Most concerning threats projected over the next 10 years. (57:13)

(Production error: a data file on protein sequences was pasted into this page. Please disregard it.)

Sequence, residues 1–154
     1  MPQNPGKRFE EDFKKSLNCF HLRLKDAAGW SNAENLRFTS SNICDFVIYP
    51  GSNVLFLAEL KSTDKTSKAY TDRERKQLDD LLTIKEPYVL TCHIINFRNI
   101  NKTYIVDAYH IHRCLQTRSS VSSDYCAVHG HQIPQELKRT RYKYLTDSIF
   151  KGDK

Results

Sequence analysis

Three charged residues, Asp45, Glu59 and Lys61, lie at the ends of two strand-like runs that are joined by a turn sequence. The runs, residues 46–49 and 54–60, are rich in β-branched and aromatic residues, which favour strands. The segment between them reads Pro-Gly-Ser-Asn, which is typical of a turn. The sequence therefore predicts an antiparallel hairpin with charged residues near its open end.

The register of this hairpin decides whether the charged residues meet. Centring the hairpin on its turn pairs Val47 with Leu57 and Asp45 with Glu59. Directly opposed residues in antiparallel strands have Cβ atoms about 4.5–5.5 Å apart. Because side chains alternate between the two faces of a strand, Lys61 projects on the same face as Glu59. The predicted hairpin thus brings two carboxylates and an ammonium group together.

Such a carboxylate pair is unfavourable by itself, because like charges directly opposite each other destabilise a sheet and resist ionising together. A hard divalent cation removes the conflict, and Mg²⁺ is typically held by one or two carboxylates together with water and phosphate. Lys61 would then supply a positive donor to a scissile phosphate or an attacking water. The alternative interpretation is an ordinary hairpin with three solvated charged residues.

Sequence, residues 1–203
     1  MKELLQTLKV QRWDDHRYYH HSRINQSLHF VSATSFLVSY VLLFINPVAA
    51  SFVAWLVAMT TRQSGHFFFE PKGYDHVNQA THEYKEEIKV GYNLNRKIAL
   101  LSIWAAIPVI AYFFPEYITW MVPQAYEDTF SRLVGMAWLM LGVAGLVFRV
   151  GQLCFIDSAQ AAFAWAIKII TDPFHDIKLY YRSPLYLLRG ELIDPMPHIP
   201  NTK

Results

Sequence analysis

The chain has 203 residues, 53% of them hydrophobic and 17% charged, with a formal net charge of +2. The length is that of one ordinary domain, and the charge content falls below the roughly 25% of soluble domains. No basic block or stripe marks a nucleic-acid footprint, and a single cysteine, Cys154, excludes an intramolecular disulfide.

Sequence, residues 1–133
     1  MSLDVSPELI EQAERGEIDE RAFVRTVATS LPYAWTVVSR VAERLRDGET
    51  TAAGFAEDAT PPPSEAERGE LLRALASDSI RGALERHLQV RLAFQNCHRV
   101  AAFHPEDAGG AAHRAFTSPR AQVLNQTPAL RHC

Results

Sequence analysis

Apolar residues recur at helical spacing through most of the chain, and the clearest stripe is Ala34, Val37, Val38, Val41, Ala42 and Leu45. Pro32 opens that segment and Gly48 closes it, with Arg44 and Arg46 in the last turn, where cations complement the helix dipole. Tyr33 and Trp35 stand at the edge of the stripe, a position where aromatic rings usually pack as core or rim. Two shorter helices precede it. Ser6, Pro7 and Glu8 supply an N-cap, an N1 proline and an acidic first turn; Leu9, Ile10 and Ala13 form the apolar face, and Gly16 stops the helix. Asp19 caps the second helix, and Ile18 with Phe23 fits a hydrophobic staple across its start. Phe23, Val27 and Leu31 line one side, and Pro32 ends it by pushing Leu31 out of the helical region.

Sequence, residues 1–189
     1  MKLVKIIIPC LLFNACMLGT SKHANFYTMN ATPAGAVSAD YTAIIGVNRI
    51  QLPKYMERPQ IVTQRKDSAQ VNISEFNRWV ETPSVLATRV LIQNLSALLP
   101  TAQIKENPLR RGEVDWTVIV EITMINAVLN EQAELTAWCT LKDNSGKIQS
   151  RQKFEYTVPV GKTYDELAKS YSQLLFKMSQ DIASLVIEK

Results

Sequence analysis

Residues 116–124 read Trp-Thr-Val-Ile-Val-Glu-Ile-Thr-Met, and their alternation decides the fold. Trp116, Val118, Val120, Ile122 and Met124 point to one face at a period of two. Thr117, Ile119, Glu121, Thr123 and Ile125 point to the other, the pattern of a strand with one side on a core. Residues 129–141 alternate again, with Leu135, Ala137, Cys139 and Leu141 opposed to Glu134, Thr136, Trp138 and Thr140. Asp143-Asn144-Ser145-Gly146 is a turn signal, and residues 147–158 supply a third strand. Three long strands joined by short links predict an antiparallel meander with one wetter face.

Let's call it, let's call it 10 years. Over the next 10 years, I'd be most concerned about AI. Over the next 50 years, let's say my lifetime, I'd be both most concerned about AI and war. Development and AI, the reason I say that is like, wars are most likely when two countries are very similar kind of military power. And the kind of historical rate of like one country going to war with and like one major power in the world, like one of the big economies of the world going to war with another when it kind of gets overtaken economically or militarily. It's pretty high, some ways of modeling, but size like 50%. But I think that's more likely to happen not kind of within the next 10 years, though it's definitely possible that there would be some kind of help that you have war such as between the US and China. Even though the risk of war between the US and Russia is definitely higher than it has been in the last, I guess, 30 years, potentially. I still think the odds are like quite low, thankfully. With AI on the other hand, I think the chance of very rapid and surprisingly rapid developments in AI within the next 10 years are higher than any 10 year point after that. So as in 2020s, it's more likely there'll be some truly transformative development than 20 30s or 20 40s is my kind of view. And that's for a couple of reasons. One is that if you look at how much computing power different brains use, and you compare that with how much computing power the kind of current language models use, or the biggest kind of AI systems use, the biggest AI systems use computing power over approximately the brain of a honeybee. It's kind of hard to estimate exactly, but that's kind of where we are, which is a lot smaller than you might think as much smaller than I thought. And you might think like, okay, it's the point and time where you've got AI systems that are about as powerful as human brains. That's like a really crucial moment in time, because that's, you know, potentially the point and time at which AI systems just become more powerful than us, or at least approximately then when we start to get overtaken. And that, again, it's like very uncertain, but there's a decent, pretty good chance that happens in something like 10 years time. And now it's very hard to do technological prediction. I am not making any confident predictions about how things go down, but to least something we should be paying attention to, just from a kind of outside perspective, if you think, oh yeah, and then we're at a point where we're like training these AI systems that are like doing as much computing as the brain is. That's like, okay, well, it means maybe they're going to be just, you know, of a similar level of power than ability as human brains. And then that's really big. And that's kind of big for the few reasons, I think. One is because it could speed up rates of technological discovery. So historically, we've had like fairly steady technologically, they have an economic growth. That's actually over a couple of hundred years. But that's because of two things happening. One is that like ideas get progressively harder to find, but we throw more and more to searches. So we have like a bigger population, we throw a larger percentage of the population at them. If instead we can just create engineers and research scientists that are AI systems, then we could rapidly increase the amount of R and D that's happening. And what's more, perhaps they'd be much, much better at doing research than we are. Like, you know, human brains are definitely not designed for doing science, but we could create machines that really are. And in the same way that, you know, go, the best AI systems are far, far better than even the very best human systems now. The same could happen within science. And if you plug that into like the standard economic models, you get the conclusion that, okay, suddenly things start really moving like really very fast. And you might get many centuries worth of technological progress happening over the course of a few years or a decade. And that could be terrific. That's what a lot of the, you know, in a sense, I think both the kind of the optimists and the doomsayers are correct, where that could be amazing. If it gets handled very well, then it could be radical abundance for everyone. We could solve all the other problems in the world. If it gets handled badly, well, the course of that tech development could be dangerous pathogens. Or it could enable us to lose control to AI systems, or it could be involved like misuse by humans themselves. So I think, and I can go into that more, but I think there's just a lot of things going on that could be extremely important from the long term perspective. Well, let's go into it more. I mean, I as a as a simpleton assume that pretty much any new technology is going to be applied to porn and warfare first. And that those two will also sort of reciprocally drive forward a lot of new technology. I'm actually only 10% joking. But go ahead. Well, you know, dial E2. I do actually. Yes, I'm going to be using it a bunch this week. Oh, fantastic. Well, for listeners, you don't know, it's a failure of essence in AI system. And you can tell it to produce a certain image using text. So maybe that image is an astronaut riding a unicorn in space in the style of Andy Warhol. And it will create a near perfect rendition of that. And you can really say a lot of things. You can say, oh, I want a hybrid of a dolphin and a horse riding on a unicycle. And it will just create a picture of that. It's really like, in a way that really makes it seem like it understands the words you're telling it. And at the moment, it can create like non faces of imaginary people almost picture perfect. Again, if you pay close attention, you can see like weird details. So they kind of give it away. When you say imaginary people, what do you mean? So if you type in like a picture of Boris Johnson, then it will not give you a picture of Boris Johnson. And I don't know this for sure. But my strong guess is that because it's been deliberately restrained so that it does not do that. Right. Because well, so it doesn't deep fake everything. Exactly. Yeah. Because you were mentioning porn like with that technology, like you could well fill in the blanks. I'll let you think of your own text bumps you could put in involving, you know, Joe Biden or Tim Ferris or whoever you want. Joe Biden and Tim Ferris. Oh, exactly. Boris Johnson too. You're all in the fame. Who knew you were such good friends? Oh, God, the horror, the horror. Yeah. So to my knowledge, that's not been used for porn yet. But I think the technology would make it completely possible. And then is it going to be used for warfare like absolutely? I mean, there'll be a point in time when we can automate weaponry. So at the moment, part of the cost of going to war is that your people, your part of your population will die. That's also a check on dictatorial leaders as well. You need to at least keep the army on your side. Otherwise, there'll be a military coup. Now imagine if there's a world where the army is entirely automated. Well, dictators can be much more reassured because their their army can be entirely loyal to them. It's just coded in. Yeah. Also, the costs are going to war much lower as well, because you're no longer sustaining casualties on your own side. And so that's just one way in which technological advances could be hugely disruptive via AI. And it's far from the biggest way. So let's take just a short intermission from Skynet and World War three, just for a second. We're going to come back to exploring some of those. But what are some actual long-termist projects today that you are excited about?